In Theory, The Artists’ Rights in Finland

In Theory, these are the Artists’ Rights and Freedoms in Finland: The Artistic Freedom, The Freedom of Expression, and The Copyright.

We will soon find out how things are in real life.


The freedom to imagine, create and distribute diverse cultural expressions free of governmental censorship, political interference or the pressures of non-state actors.

The artistic freedom is protected by the Finnish constitution (§16)

This is a core freedom in our democratic society. There are no restrictions, limitations or limits to artistic freedom. The freedom is endless.

This means that no one (not even the authorities) have the right to interfere with Art. The authorities are by law obliged to protect the artists and their rights against any abuse or violations. The authorities must protect artists’ rights to participate in the democratic dialogue by defending public access to the artists’ work and supporting the artists’ ability to freely express views that might be unpopular or controversial.


Everyone has the freedom of expression. Freedom of expression entails the right to express, disseminate and receive information, opinions and other communications without prior prevention by anyone.

The freedom of expression is protected by the Finnish constitution (§12).

Article 19 of the Universal Declaration of Human Rights:
Everyone has the right to freedom of opinion and expression; this right includes freedom to hold opinions without interference and to seek, receive and impart information and ideas through any media and regardless of frontiers.

The European Court of Human Rights has stressed on numerous occasions that freedom of expression constitutes “one of the essential foundations of [a democratic] society”, and that “it is applicable not only to ‘information’ or ‘ideas’ that are favourably received or regarded as inoffensive or as a matter of indifference, but also to those that offend, shock or disturb the State or any sector of the population”.


Copyright is a bundle of EXCLUSIVE RIGHTS. The copyright law provides the owner of copyright in a work the exclusive right: to reproduce the work in copies; to prepare derivative works based upon the work; to distribute copies of the work to the public by sale or other transfer of ownership, or by rental, lease, or lending; to perform the work publicly; and to display the copyrighted work publicly.

If you decide to sell your works, you can. You can display your work online or allow your art to be published.

It is illegal for anyone to violate any of the rights provided by the copyright law to the copyright holder. This means whatever content the author created cannot be used or published by anyone else without the consent of the author.

The copyright law is always subject to restrictive interpretation. This means that unclear situations are interpreted restrictively in favor of the author.

A person depicted in an artwork or photograph has NO RIGHTS to the work according to law.

Copyright protection is automatic

You automatically own the copyright to your art immediately after creating it. Copyright protection subsists from the time the work is created. The copyright in the work of authorship immediately becomes the property of the author who created the work. This protection is available for both published and unpublished works.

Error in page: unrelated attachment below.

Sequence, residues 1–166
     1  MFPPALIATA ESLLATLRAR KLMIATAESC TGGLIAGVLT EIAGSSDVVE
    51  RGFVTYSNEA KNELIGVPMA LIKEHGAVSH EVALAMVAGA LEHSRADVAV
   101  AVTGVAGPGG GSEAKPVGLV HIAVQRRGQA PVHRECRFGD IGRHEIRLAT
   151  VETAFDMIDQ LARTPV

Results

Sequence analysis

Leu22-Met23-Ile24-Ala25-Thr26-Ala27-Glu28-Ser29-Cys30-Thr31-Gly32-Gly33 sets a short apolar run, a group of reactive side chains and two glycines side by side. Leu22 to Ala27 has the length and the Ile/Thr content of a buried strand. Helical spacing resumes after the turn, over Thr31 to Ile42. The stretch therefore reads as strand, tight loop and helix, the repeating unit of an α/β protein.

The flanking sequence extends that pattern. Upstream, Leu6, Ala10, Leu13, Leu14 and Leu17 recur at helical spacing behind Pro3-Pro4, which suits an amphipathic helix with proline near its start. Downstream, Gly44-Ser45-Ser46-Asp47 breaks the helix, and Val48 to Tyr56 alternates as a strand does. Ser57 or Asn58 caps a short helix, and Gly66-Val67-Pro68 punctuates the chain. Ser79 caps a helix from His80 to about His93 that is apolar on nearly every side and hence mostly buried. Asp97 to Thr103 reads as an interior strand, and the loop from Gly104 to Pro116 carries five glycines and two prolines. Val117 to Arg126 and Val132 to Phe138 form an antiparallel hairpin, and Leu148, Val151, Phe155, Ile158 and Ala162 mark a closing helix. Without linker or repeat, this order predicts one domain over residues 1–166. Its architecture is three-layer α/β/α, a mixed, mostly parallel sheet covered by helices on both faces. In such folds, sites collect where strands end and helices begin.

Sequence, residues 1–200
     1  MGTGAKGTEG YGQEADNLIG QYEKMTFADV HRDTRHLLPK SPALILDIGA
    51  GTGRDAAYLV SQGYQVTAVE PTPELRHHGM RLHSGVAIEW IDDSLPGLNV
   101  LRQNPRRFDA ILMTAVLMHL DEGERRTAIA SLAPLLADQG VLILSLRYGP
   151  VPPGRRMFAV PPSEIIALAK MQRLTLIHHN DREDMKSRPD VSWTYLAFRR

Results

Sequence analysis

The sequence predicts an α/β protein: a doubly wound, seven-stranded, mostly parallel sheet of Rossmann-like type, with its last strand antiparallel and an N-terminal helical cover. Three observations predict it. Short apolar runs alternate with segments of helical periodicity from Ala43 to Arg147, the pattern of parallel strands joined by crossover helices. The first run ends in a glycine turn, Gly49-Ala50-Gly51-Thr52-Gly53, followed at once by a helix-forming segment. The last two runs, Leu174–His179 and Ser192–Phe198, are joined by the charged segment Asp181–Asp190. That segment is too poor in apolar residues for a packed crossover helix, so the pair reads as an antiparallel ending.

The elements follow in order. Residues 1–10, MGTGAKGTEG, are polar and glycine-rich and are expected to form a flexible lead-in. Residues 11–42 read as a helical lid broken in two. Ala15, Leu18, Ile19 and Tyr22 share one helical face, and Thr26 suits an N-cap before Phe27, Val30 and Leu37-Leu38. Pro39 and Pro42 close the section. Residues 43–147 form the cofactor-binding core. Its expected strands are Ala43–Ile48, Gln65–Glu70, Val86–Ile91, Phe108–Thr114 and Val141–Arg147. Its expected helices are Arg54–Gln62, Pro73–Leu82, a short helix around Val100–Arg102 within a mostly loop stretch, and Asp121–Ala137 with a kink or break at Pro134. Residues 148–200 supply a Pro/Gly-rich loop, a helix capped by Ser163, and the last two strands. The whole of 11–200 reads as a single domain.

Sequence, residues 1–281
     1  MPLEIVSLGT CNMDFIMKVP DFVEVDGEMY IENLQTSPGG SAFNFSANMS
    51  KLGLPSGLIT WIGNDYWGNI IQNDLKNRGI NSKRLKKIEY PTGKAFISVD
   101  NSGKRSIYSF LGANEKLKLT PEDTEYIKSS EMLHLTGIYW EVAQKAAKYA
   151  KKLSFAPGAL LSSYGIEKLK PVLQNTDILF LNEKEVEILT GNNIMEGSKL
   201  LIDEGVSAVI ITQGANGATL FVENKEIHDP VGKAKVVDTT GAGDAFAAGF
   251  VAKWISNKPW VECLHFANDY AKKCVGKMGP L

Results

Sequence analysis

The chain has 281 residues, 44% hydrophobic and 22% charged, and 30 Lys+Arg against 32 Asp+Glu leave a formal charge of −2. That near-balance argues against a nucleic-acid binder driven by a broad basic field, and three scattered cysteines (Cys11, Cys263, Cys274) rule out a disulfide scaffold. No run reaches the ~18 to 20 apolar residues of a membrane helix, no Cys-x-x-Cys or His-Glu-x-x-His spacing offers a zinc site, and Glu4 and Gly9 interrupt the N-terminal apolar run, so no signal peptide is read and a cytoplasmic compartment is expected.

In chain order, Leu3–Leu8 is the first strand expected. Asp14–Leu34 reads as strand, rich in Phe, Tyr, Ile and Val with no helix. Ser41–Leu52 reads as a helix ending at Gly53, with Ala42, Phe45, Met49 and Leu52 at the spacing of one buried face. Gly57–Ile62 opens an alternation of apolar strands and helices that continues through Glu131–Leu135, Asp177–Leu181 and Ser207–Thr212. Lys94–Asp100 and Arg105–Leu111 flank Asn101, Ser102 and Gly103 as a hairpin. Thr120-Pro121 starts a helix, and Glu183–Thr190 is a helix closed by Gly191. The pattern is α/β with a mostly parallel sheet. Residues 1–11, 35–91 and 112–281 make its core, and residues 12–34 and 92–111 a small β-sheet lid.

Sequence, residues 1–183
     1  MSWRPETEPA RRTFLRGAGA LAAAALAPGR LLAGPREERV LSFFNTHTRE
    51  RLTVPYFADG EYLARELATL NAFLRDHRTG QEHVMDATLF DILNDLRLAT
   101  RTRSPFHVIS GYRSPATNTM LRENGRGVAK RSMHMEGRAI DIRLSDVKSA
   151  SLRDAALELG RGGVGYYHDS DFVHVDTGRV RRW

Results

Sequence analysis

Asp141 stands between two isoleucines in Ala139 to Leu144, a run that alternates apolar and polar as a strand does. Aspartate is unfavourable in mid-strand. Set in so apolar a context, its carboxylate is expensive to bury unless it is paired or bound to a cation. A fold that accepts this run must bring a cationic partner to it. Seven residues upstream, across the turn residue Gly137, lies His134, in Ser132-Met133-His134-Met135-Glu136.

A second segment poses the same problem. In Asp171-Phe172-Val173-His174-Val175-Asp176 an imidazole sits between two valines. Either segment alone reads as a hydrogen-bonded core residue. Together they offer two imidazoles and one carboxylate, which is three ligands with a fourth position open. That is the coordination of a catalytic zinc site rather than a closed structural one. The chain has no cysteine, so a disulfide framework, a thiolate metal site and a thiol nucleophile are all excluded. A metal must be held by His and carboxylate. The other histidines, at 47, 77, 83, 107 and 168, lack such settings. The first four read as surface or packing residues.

A work that is created is automatically protected from the moment of its creation and is given a term of copyright protection enduring for the lifetime of the artist plus an additional 70 years after the artist’s death.

Ownership of a copyright, or of any of the exclusive rights under a copyright, is distinct from ownership of any material object in which the work is embodied. Transfer of ownership of any material object does not of itself convey any right in the copyrighted work embodied in the object; nor, in the absence of an agreement, does transfer of ownership of a copyright or of any exclusive rights under a copyright convey property rights in any material object.

The artist retains the copyright unless he or she specifically signs it away in a written agreement (a practice which is virtually unknown in Europe).

In addition to copyright, certain authors of works of visual art also have the rights of attribution and integrity. These moral rights are the rights of an artist to maintain the integrity of his/her work and to receive full and proper attribution for his/her work.


Wikipedia – Copyright

Wikipedia – Copyright law of the European Union

What is copyright?
by WIPO World Intellectual Property Organization (an UN agency created to encourage creative activity and to promote the protection of intellectual property throughout the world).

Summary of the Berne Convention for the Protection of Literary and Artistic Works

Berne Convention for the Protection of Literary and Artistic Works (as amended on September 28, 1979) (Authentic text)

European Commission – Shaping Europe’s digital future:

The EU copyright legislation

The EU copyright legislation is a set of eleven directives and two regulations, which harmonise essential rights of authors and of performers, producers and broadcasters. By setting harmonised standards, the EU law reduces national discrepancies, ensures the level of protection required to foster creativity and investment in creativity, promotes cultural diversity and ensures better access for consumers and business to digital content and services across Europe.


Copyright ensures that authors, composers, artists, film makers and other creators receive recognition, payment and protection for their works. It rewards creativity and stimulates investment in the creative sector.

International Copyright Basics
What is copyright?